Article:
Why You Need More Than Google Analytics

 Why You Need More Than Google Analytics 

October 2018 


Google Analytics has transformed tracking but it’s a basic model, with limitations

When Google Analytics was launched on 14th November 2005, 100,000 new accounts were created within the first week. That was four times bigger than the size of the entire industry at that time. Since then, it’s transformed the way businesses of all sizes think about (and use) data, which has been key for marketing analytics. By analysing past performance, companies can improve marketing ROI and truly nail their strategy.  

While the impact has been remarkable, there are important shortcomings, which for some businesses halt progress. Google Analytics is an incomparable entry-level tool for data analytics, but it also has its flaws. Once you’ve mastered the basics, you’ll start to realise its limitations. Understanding where it can’t help you and what insights you can’t get from it is extremely useful for performance optimisation. 

The impressive usage stats refer to Google Analytics Classic – Google Analytics as you’ll know it. Google Analytics 360 does have further functionalities, but this comes at a price. GA classic can track up to 10,000,000/50 = 200,000 visitors in a month, while 360 manages up to 1 billion hits per month, which indicates the difference in functionality. 


The fundamental limitation is that Google Analytics only gives you access to a very restricted visibility of all the data that could possibly be available. In many cases, these restrictions are ultimately helpful; they make the information surfaced manageable. However, it does mean there is a lot that you can’t see.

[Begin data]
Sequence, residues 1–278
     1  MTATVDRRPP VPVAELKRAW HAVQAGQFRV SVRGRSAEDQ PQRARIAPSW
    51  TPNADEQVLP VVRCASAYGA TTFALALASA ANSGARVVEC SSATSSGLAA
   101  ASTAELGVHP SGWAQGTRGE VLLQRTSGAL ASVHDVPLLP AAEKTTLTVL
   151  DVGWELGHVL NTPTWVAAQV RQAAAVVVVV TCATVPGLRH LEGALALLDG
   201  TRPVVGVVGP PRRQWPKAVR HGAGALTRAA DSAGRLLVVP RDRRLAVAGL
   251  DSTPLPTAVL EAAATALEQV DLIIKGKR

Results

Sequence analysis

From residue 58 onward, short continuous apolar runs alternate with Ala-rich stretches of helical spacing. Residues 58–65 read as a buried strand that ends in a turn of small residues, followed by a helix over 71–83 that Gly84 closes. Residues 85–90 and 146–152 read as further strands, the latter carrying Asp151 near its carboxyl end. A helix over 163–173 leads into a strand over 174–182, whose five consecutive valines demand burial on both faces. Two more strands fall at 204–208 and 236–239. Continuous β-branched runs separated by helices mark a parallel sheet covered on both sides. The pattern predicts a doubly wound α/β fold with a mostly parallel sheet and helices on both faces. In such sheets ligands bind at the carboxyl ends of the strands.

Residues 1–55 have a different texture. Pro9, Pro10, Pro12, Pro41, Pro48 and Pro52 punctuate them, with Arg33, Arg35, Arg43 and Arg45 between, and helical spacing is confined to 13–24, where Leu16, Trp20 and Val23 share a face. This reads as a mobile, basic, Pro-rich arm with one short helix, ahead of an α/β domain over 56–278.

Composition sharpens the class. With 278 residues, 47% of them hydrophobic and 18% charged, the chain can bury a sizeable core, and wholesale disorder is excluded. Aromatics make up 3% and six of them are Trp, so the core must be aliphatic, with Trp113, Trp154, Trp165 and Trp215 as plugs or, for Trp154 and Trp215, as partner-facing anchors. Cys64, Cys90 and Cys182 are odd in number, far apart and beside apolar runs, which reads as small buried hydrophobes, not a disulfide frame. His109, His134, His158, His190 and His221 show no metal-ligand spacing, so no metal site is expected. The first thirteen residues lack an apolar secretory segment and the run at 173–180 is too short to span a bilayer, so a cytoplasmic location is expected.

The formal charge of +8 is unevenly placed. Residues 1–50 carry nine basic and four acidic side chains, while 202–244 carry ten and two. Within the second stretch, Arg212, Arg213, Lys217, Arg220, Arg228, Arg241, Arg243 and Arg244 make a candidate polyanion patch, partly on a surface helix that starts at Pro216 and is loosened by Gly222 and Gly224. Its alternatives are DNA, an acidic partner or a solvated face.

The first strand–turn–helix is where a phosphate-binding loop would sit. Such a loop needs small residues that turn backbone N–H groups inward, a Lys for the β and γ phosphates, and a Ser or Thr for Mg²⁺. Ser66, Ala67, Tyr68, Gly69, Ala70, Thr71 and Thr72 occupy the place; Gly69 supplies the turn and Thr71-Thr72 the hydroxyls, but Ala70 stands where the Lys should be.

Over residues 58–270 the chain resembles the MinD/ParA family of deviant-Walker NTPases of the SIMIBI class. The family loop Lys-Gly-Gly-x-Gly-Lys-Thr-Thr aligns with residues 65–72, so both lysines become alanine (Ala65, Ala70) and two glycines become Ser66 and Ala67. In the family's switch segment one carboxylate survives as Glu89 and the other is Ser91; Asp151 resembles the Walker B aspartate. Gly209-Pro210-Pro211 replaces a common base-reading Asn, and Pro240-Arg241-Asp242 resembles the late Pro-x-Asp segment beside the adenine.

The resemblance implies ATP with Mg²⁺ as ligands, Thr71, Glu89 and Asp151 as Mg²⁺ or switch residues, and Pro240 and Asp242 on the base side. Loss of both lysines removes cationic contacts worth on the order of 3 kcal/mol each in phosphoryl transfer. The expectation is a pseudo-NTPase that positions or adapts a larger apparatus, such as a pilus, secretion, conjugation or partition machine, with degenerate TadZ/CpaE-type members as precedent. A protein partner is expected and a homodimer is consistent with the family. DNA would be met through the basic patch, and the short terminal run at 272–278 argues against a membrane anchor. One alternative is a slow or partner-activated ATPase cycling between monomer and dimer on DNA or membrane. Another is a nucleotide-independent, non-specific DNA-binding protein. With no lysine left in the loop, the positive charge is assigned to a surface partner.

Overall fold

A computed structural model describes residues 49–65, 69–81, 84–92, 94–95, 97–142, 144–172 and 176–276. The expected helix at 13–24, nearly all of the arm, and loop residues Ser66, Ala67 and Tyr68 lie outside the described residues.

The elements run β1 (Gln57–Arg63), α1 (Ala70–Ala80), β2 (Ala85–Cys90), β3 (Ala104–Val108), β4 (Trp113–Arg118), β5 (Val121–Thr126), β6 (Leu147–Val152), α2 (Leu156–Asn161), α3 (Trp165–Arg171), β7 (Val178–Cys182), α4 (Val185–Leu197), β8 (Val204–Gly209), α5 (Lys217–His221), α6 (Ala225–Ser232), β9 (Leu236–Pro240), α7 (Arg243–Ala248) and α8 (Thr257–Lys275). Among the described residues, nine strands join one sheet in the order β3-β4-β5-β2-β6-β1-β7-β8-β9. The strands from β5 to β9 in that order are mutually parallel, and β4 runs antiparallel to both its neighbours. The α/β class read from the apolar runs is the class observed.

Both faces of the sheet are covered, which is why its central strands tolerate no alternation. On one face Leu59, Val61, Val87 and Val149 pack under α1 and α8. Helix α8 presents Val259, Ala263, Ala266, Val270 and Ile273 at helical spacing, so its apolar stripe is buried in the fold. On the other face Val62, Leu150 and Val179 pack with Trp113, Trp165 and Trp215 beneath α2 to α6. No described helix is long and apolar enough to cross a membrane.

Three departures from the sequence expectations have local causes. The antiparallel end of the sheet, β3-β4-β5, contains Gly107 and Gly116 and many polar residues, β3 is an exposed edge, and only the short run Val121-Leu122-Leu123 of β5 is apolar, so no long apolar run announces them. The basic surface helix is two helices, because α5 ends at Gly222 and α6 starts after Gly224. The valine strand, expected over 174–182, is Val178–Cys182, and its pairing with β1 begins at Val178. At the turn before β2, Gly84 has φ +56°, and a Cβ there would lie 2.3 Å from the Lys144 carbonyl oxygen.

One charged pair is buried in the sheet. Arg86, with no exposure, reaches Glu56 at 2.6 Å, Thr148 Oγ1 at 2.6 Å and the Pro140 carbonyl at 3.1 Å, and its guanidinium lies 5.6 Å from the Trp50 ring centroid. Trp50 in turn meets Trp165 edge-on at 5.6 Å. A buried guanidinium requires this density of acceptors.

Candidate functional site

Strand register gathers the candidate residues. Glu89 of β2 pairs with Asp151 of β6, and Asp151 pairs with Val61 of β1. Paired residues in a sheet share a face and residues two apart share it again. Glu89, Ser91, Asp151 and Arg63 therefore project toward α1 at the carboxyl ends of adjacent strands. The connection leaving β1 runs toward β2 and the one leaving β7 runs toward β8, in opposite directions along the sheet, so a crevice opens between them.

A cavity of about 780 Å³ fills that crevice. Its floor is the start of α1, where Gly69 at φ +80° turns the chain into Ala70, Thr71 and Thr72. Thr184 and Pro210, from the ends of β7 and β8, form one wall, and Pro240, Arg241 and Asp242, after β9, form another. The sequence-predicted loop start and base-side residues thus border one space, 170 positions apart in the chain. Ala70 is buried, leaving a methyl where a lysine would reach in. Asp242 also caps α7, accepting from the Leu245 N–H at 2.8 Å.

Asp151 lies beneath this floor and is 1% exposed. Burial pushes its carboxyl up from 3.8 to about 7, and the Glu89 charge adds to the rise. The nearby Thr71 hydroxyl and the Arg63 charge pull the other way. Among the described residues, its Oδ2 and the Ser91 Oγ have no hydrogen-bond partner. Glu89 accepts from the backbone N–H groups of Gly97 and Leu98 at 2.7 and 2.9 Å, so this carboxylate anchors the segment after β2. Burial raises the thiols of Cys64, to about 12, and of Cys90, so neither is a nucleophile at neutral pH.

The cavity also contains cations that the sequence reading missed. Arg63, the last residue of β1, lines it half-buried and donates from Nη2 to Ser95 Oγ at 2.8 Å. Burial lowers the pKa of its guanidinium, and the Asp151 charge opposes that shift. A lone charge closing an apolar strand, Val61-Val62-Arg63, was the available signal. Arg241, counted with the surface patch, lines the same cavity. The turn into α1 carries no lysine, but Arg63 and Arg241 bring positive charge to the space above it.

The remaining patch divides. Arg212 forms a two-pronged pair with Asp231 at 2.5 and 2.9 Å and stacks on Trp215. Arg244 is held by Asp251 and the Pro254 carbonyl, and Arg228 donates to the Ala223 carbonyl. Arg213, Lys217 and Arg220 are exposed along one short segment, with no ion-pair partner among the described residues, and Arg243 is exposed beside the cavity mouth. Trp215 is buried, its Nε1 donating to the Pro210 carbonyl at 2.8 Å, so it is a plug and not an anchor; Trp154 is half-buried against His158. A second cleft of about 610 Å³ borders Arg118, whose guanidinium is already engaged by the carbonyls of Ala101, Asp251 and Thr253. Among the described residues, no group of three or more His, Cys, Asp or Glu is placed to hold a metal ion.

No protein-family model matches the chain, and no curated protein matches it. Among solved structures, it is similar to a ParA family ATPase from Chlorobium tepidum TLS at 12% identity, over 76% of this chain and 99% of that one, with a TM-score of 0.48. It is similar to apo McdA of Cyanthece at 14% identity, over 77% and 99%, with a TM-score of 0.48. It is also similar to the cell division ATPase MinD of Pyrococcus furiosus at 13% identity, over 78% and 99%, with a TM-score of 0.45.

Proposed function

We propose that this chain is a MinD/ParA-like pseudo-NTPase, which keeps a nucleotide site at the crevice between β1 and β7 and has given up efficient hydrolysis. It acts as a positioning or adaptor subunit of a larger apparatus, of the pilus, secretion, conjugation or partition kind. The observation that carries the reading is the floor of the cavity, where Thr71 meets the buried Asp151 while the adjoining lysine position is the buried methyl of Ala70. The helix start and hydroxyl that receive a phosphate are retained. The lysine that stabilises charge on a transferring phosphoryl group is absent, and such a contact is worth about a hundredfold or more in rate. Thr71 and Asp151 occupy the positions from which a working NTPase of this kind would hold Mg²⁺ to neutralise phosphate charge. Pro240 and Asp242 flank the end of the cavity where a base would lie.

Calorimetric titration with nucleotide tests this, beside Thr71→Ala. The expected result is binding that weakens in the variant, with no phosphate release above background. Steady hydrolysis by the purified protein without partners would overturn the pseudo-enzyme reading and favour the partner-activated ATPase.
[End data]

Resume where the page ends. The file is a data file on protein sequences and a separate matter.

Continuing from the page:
1.  Google Analytics doesn’t show you which attribution models are being used, but only surfaces headline information.  

It’s essentially a black box: showing the bare bones of the customer journey without delving into key details. This is where you really need multi-touch attribution to give you an in-depth analysis of the customer journey. To give you an example, Google shows you the number of conversions at the total level, but they can’t tell you how this correlates with visitors. This means you could easily be double counting visitors. This would occur for example when they refresh the page and trigger the success event again, or if they come back and amend their booking – which would also trigger the success event. If you’re to truly assess customer lifetime value then these figures have to be spot on.  


2. Google is only set up to show you how your spend relates to performance on Google channels  

Without expensive and complex in-house engineering, investments in other channels won’t register in your Google dashboard (such as paid social and digital media), so you can’t get a full understanding of your ROI. Cross-channel, cross-device attribution is an absolute must if you’re to properly assess marketing ROI. Sure, it’s possible to compare some data-points from different sources, but not apples-for-apples.


3. You’re limited in how much you can manipulate the insight it shows you. 

You can only cross reference 20 custom data points at any one time. This sounds like a lot, but when you’re working with big data sets it quickly gets very complicated. For an e-commerce company (imagine Amazon), the sale of one iPhone would be a single data point. It’s self-evident how fast they would exhaust their 20 possible options.


4. Restrictions on look-back windows limits how much historical data you can access. 

Whilst analysing recent performance is obviously high on the priority list, changes in marketing strategy often don’t have an immediate impact. To build a coherent plan for the future, you need to be able to properly assess all that you’ve done in the past, not just recent history.